Published September 13, 2013
Last weekend, 1,500 super-sized men smashed, sacked, and stuffed other competitors. The final seconds determined winners in Pats-Bills, Jets-Bucs, 49ers-Packers, and Rams-Cardinals.
Everybody had fun. Nobody died.
Week 1 played like the thousand or so that preceded it in the long history of the NFL. Solid hits led to cheers, not deaths.
Earlier this year, ESPN reported, and Roger Goodell denied, that the NFL commissioner agonizes over the prospect of an on-field fatality.
The New Yorker’s Ben McGrath similarly worries that “one of these days, millions of us are going to watch a man die on the turf.”
Retired defensive end Pete Koch asked, “What happens when someday, somebody dies playing the most popular sport in American history?”
He asks the wrong question. Why, after more than nine decades of play, has an NFL hit never killed a player?
Collisions have killed athletes in Major League Baseball, the National Hockey League, and the Winter X Games. And last year, collisions killed two of the four million competitors in various tackle football leagues. So, it’s not as though the possibility doesn’t exist. It’s just that, for the NFL at least, the reality doesn’t.
And with football growing demonstrably safer—23 collision deaths a year during the 1960s; less than four annually during the last decade—the likelihood of such an NFL tragedy shrinks even if our collective belief in its imminence grows.
If NFL players survived when they didn’t wear helmets or when they could legally drive their helmets into opponents’ helmets, why would Roger Goodell lose sleep over a hit killing a player in today’s NFL?
Football is safer than its roughness leads us to believe. Many of those 1.1 million fans in the stadiums work in far less safe, if far more unheralded, occupations than the men they applaud.
Earlier this year, an NFL stadium witnessed a fatal brain injury.
Donald White’s 43-year career in elevator construction and maintenance ended in June when a falling counterweight struck him on the head and off a ladder.
White’s fellow workers passed around buckets to collect donations for his four kids and three grandchildren. The owners of Levi’s Stadium promised to remember him with a plaque.
Had he worn a Riddell helmet instead of a hard hat, the mechanic would now be a household name. But like the fallen workers who helped build Ford Field, Cowboys Stadium, and the Georgia Dome, White will be remembered by his family but forgotten by football fans.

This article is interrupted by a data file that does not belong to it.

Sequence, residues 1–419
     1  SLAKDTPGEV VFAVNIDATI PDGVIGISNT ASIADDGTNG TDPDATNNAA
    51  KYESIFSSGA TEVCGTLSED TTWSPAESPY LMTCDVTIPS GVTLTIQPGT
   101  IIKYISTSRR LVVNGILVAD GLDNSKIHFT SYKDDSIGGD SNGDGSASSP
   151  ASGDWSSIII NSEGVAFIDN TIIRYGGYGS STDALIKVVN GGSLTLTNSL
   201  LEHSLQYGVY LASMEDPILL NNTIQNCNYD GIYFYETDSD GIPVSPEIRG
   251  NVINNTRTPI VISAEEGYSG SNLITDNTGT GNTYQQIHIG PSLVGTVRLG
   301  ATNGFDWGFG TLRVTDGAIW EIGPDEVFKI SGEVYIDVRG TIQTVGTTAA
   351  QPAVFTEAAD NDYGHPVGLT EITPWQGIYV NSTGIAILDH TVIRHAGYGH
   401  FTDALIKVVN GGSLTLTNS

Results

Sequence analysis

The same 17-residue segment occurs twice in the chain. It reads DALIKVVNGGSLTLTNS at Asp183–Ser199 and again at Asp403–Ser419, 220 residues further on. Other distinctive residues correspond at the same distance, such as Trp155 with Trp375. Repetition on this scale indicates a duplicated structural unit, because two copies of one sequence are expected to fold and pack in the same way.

We don’t think much on the dangers of Donald White’s profession, even though 800 fellow construction workers die from the hazards of their work every year in the U.S. Instead, we cringe at Clay Matthews putting a lick on Colin Kaepernick. The men building Levi’s Stadium work deadly trades; the quarterback who will soon play there surely doesn’t.
Mesmerized by incessant coverage, we increasingly view football as the American version of Roman gladiatorial contests.
In fact, these modern coliseums, as demonstrated by this week’s death by a falling fan who came to Candlestick Park to watch Kaepernick, prove more deadly for spectators than for players.
Reality shows that the firemen, electricians, and loggers watching the action from the stands take greater risks in their professions than the competitors on the field do in theirs.
But because the networks televise workers in one profession, and those in the other fields labor outside of the camera’s eye, we glean a skewed impression.
Hundreds of thousands of parents have pulled their children off fields.
A smaller number of spectators have begun to avert their eyes from the Sunday spectacle.
A few school board members even propose banning the game in high schools. Our response to football hits lacks a sense of proportion.
Football fans and foes need to recognize that the truth about football doesn’t hurt. The known facts, not unfounded fears, should govern our decisions to play, watch, and cheer.